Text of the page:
By Susan Barreto
Trustees it would seem are still in need of a good education on hedge fund investing. This month for instance, we provide a snapshot of the US public pension fund market that has steadily increased its allocation to hedge funds over the years. But a shift from traditional FoHF portfolios to direct single manager portfolios continues with a simple cost-cutting mindset driving trustee decisions.
But is that the right driver? Is there anything FoHFs can do to educate investment boards on what it is that they did and continue to do to add value? From my investor-biased perspective, I think these are the four key things trustees should know before deciding what to do regarding FoHFs.
Fees are just one small reason for going direct
Most trustees find it easy to rationalise that FoHFs are expensive and consulting advice is not. In going direct, trustees are effectively saying that the staff alongside an adviser (FoHF or consultant) are adequately equipped to source hedge fund talent and are willing to send staffers to various locales for due diligence trips and monitoring. Going direct has to be about an investment belief that they are choosing the best and the brightest single manager names for the next five-plus years, not a cost-cutting move. Sometimes the travel, legal and administrative costs can add up.
Advice is a many splendored thing
The choice of specialist consultants or FoHFs for advice is not a simple coin flip. Not all consultants and FoHFs are created equal in this task. While some offer up a customised approach and access to managers that may even be closed to outside investors, other firms may only have a small stable of manager names to choose from and may have limited manpower to source new talent.
The choice of retaining an existing FoHF versus a consultant is one of expertise in portfolio structuring and strategic mindset. It is also a tiered structure depending on the needs of the board and staff. Monitoring, due diligence and portfolio construction services may be added value provided by FoHFs that some consultants may not be as willing or able to provide. Transparency of services provided and managers selected for other clients as well as performance is a must for trustees.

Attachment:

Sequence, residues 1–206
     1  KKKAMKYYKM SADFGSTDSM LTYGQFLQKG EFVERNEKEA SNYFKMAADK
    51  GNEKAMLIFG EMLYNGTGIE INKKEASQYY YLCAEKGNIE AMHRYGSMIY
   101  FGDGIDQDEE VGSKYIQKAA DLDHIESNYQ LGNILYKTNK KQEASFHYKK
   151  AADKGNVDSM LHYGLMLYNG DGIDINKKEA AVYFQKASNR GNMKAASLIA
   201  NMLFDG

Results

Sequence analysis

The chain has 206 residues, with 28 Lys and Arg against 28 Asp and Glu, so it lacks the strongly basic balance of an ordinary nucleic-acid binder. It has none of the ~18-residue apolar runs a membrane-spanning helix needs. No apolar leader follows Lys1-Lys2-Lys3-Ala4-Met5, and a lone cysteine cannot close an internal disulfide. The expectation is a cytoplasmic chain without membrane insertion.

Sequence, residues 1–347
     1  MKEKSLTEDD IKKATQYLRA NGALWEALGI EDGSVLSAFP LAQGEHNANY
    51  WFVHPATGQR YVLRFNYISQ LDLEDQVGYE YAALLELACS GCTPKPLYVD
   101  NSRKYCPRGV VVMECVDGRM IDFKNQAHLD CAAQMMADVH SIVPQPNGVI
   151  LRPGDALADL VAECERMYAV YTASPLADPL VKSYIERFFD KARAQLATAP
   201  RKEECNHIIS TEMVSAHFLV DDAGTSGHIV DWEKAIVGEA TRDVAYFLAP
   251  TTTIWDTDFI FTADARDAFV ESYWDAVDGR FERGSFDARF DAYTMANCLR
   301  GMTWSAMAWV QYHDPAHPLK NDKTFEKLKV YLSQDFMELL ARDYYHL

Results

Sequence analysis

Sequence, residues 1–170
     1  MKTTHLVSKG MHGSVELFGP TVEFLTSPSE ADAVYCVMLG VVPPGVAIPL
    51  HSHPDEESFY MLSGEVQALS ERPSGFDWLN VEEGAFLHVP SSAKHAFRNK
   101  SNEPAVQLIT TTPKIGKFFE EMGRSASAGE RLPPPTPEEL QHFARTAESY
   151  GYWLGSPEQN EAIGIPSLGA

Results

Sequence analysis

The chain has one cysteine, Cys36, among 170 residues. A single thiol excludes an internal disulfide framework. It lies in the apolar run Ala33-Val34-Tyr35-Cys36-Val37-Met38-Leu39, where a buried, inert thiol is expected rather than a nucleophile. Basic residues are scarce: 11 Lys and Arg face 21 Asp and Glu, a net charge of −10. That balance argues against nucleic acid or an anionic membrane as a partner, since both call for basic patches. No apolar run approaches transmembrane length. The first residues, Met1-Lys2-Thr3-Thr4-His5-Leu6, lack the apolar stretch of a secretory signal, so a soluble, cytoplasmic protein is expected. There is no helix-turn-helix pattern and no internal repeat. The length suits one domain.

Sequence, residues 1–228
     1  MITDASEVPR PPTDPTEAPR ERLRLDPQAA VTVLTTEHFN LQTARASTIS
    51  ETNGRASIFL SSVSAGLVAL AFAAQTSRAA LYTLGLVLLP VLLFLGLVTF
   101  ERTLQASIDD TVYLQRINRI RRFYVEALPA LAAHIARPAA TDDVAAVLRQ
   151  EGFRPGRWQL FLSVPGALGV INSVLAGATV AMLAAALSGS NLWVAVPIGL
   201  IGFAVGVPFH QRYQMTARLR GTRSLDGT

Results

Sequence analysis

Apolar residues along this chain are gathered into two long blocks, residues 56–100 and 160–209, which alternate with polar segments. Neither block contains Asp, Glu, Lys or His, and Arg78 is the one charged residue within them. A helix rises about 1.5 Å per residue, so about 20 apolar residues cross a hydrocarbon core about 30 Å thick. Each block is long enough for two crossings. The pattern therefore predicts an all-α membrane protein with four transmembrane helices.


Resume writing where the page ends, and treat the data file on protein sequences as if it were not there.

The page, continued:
Performance and volatility are strange bedfellows
The idea that risk-laden, volatile performance figures are only the domain of university endowments and family offices is slowly going away. The only problem is that most pension fund boards have no idea what level of volatility is acceptable for the performance they desire. In fact, the issue is rarely raised in trustee discussions regarding individual managers or strategies. While most in the hedge fund industry blame institutional investors for dampening volatility and performance in the industry, in reality some low volatility and decent performing hedge funds have snuck their way into pension programmes via FoHFs. It is just a matter of whether or not the stats have been reported in such a way that trustees can understand the real drawdown risk to their portfolio.
FoHFs are flexible
Whether or not it is structuring a ‘fund of one’, a customised portfolio or a standard commingled product, funds of funds managers have proven that they are willing to go the extra mile to compete for trustee business. They may not always say it, but many are concerned that as some consultants morph into asset managers they will no longer continue to employ them on behalf of trustees. FoHFs have proven that they are willing to negotiate and serve the needs of clients both large and small, which in the end is crucial for trustees’ evolving portfolio needs.